What is environmental racism?

Environmental racism refers to the disproportionate exposure to pollution experienced by Indigenous people, racialized communities and poor communities, and the subsequent negative health effects, as well as the unequal environmental protection provided through laws, regulations, governmental programs, enforcement, and policies. We believe that Canada should acknowledge its shameful legacy of environmental racism and ensure that all benefit from environmental protection policies.

What are social inequalities of health?

A wide range of social factors can affect our health, including gender, race/racism, income and social status, access to health services, and more. Social inequalities of health play out in breast cancer as with other serious illnesses. For example, there is evidence in the scientific literature that Black women and lower-income people are less likely to have their symptoms recognized and investigated early, resulting in a more advanced diagnosis, when treatment is less effective, and ultimately, results in a poorer prognosis. Social health inequalities are beyond an individual’s control. We believe that these unjust circumstances are avoidable; and we promote collective actions guided by principles of social justice.

The cost of a serious illness: What are we doing about it?

A combination of elements can affect the financial situation of any patient with a serious illness: a reduction in income, extra costs related to treatments, services and transportation, among others. There is no shame in a person facing financial difficulties, and there is no shame in getting help. BCAQ has worked with partners to provide tools and information to help navigate the financial difficulties while facing  illness or an accident on a website called The Cost of a Serious Illness.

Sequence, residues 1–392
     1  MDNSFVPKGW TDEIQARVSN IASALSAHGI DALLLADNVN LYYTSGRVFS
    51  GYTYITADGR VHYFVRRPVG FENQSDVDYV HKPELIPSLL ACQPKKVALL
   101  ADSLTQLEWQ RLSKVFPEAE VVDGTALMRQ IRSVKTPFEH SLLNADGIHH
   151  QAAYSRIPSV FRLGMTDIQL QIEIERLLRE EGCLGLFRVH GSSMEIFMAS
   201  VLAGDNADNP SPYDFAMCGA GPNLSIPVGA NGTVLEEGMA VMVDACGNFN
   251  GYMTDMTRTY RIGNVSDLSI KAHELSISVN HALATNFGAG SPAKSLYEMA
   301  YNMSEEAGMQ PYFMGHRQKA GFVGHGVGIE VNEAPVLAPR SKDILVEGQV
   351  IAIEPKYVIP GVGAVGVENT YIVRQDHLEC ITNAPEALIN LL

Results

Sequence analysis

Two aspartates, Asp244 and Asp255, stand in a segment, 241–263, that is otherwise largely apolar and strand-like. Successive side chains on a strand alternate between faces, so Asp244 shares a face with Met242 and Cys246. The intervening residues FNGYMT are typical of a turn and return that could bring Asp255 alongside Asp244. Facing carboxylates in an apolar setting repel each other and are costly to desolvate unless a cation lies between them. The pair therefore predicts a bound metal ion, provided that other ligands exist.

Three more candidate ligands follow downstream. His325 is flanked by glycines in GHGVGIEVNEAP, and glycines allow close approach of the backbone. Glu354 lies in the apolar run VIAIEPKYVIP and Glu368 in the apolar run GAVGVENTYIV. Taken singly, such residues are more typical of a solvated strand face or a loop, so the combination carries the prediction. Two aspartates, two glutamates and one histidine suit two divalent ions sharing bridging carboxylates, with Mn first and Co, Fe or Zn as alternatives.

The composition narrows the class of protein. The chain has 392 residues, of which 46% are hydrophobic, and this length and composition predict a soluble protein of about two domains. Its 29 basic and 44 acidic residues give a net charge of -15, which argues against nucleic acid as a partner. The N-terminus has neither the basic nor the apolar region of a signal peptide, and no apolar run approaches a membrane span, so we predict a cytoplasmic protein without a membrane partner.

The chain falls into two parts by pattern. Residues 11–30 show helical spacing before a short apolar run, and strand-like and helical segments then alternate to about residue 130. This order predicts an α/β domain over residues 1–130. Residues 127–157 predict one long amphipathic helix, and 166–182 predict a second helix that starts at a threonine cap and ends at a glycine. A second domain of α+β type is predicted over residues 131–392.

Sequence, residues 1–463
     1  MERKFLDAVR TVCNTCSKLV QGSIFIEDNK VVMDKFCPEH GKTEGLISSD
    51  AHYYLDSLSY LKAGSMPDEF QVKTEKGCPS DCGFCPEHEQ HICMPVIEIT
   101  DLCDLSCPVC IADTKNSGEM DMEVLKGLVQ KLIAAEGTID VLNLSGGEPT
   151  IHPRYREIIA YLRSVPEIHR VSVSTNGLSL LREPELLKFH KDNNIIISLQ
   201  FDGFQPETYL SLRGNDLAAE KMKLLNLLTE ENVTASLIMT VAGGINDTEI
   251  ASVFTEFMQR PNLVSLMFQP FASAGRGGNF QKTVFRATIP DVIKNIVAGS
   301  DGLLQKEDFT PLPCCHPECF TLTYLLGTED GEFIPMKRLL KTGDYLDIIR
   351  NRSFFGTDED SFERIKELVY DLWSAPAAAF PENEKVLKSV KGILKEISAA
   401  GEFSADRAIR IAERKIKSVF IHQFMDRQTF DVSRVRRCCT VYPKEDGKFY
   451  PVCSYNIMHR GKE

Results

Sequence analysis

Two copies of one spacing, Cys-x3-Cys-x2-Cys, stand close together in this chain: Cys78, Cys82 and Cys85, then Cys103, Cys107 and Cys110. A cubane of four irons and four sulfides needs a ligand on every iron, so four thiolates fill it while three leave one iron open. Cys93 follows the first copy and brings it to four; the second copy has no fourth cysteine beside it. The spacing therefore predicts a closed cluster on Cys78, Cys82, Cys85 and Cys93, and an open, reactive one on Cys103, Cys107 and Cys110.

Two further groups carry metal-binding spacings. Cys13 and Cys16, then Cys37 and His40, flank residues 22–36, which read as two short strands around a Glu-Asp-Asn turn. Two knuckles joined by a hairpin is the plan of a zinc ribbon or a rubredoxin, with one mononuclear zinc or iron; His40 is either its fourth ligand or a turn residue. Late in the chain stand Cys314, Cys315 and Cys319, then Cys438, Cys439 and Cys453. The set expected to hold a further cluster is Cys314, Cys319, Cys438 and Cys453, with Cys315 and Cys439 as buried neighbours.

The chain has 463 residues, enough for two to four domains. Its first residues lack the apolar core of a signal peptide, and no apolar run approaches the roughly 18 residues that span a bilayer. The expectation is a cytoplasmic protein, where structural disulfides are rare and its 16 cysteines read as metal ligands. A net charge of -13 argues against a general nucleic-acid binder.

The price of medication: How is this an issue for breast cancer patients?

Illness-related costs can include costs associated with treatments not covered by RAMQ. The high price of patented medicines imposes significant economic hardship for people in Canada who do not have the necessary health insurance to pay for their prescriptions, generally those people who already have the most limited or precarious incomes. As an independent patient advocacy group, BCAQ is committed to lowering the price of medication.

Why doesn’t BCAQ support the pink ribbons movement?

When companies use a pink ribbon, which symbolizes support for breast cancer, to market goods which contain toxic substances linked to the disease, we refer to them as ‘pinkwashers’. Stacy Malkan author of Not Just a Pretty Face: The Ugly Side of the Beauty Industry, describes pinkwashing  as ‘‘a term used to describe the activities of companies and groups that position themselves as leaders in the struggle to eradicate breast cancer while engaging in practices that may be contributing to rising rates of the disease.’’

During the last several decades, only 3-4% of the billions raised for research spending by pink ribbon products and activities such as runs for the cure, was allocated to breast cancer prevention and the environment. It’s time to spend more money studying the environmental links to breast cancer. Knowing that in the mid twentieth century one in twenty women would be treated for breast cancer and that the current statistic is one in eight women, we focus our efforts to on the environmental links to the disease.

Why doesn’t BCAQ accept contributions from pharmaceutical companies?

Breast Cancer Action Quebec (BCAQ) recognizes that the effectiveness of our work in public education, advocacy and coalition-building depends on the organization's credibility, particularly in the eyes of its members and the people it serves. The funding sources of any advocacy organization can appear to affect its political legitimacy, particularly in situations where corporate support raises the possibility, inference or perception of a conflict of interest. Accordingly, BCAQ will not accept financial support from corporate entities whose products or services are known to BCAQ to include cancer diagnosis or treatment.